Upon incidental examination, it seems incredible that such beliefs could have survived across the ages, especially after the arrival of Christianity. Yet the Christian practice of sanctioning pagan temples for their own religion, which was undertaken by papal order, inadvertently helped the retention of these beliefs. In a letter from Pope Gregory I to Abbott Mellitus, during the latter’s visit to Britain in 597 AD, he writes ‘… the temples of the idols in that nation ought not to be destroyed, but let the idols that are in them be destroyed; let holy water be made and sprinkled in the said temples — let altars be erected, and relics placed… the nation, seeing that their temples are not destroyed, may remove error from their hearts and, knowing and adoring the true God, may the more familiarly resort to the places to which they have been accustomed.’ This extended to holy wells, ancient earthworks and other obviously ancient pagan sites. A church was specifically erected below the Cerne Abbas Giant in an attempt to nullify its strikingly rampant symbolism.

The Story of Childe Rowland.

Joseph Jacobs’ favourite folk tale, Childe Rowland, incorporates many traces of extremely primitive pagan custom. It is possible to separate this story into successive layers of history and is worth telling in its entirety to illustrate the fact.

Childe Rowland and his brothers twain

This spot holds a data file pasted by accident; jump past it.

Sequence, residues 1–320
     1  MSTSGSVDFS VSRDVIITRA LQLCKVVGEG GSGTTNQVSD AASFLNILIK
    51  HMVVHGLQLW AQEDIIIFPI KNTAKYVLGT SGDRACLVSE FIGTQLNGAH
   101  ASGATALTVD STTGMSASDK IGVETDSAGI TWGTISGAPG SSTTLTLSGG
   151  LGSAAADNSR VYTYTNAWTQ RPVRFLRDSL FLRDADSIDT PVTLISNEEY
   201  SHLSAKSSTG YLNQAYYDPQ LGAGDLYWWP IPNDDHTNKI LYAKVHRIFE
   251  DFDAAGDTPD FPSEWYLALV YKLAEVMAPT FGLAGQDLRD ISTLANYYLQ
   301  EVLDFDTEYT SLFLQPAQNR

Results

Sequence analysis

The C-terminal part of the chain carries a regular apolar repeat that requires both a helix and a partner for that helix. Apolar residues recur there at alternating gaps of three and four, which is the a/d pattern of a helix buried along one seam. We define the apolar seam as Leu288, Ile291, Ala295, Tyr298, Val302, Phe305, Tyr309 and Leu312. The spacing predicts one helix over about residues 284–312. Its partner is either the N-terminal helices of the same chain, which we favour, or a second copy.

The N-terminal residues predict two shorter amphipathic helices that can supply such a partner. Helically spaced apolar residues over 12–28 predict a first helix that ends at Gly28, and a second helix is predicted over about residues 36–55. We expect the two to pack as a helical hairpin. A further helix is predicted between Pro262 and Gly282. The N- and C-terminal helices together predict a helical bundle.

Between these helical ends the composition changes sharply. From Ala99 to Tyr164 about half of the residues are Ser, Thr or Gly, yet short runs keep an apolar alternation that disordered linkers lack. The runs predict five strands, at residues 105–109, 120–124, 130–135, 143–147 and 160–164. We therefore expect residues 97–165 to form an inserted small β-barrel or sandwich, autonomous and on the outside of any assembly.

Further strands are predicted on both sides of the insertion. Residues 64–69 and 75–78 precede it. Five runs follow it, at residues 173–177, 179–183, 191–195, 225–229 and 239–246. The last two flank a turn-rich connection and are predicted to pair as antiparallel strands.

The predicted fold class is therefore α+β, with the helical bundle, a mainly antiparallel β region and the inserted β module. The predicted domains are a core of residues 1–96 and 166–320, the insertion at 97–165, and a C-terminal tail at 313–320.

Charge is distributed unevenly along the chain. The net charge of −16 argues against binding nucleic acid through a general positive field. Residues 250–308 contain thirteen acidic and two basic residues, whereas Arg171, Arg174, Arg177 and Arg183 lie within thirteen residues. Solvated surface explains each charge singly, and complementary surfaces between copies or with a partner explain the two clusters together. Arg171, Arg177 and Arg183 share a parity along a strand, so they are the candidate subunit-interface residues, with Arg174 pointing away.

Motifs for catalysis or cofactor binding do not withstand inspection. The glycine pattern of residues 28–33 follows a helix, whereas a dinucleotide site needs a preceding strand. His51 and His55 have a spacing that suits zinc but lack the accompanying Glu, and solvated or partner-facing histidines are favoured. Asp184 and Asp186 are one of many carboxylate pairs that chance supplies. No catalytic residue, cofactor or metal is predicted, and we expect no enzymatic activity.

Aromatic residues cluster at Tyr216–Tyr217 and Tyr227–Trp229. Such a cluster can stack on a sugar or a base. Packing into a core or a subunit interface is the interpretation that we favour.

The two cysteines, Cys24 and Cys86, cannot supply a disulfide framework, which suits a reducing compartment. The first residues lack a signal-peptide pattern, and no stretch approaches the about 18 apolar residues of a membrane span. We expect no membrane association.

Were playing at the ball.
Their sister, Burd Helen, she played
In the midst among them all.

For Burd Helen loved her brothers and they loved her exceedingly. At play she was ever their companion and they cared for her as brothers should. And one day when they were at ball close to the churchyard —

Childe Rowland kicked it with his foot
And caught it on his knee.
At last as he plunged among them all
O’er the church he made it flee.

Now Childe Rowland was Burd Helen’s youngest, dearest brother, and there was ever a loving rivalry between them as to which should win. So with a laugh —

Burd Helen round about the aisle
To seek the ball is gone.

Now the ball had trundled to the right of the church; so, as Burd Helen ran the nearest way to get it, she ran contrary to the sun’s course, and the light, shining full on her face, sent her shadow behind her. Thus that happened which will happen at times when folk forget and run widershins, that is against the light, so that their shadows are out of sight and cannot be taken care of properly. Now what happened you will learn by and by; meanwhile, Burd Helen’s three brothers waited for her return.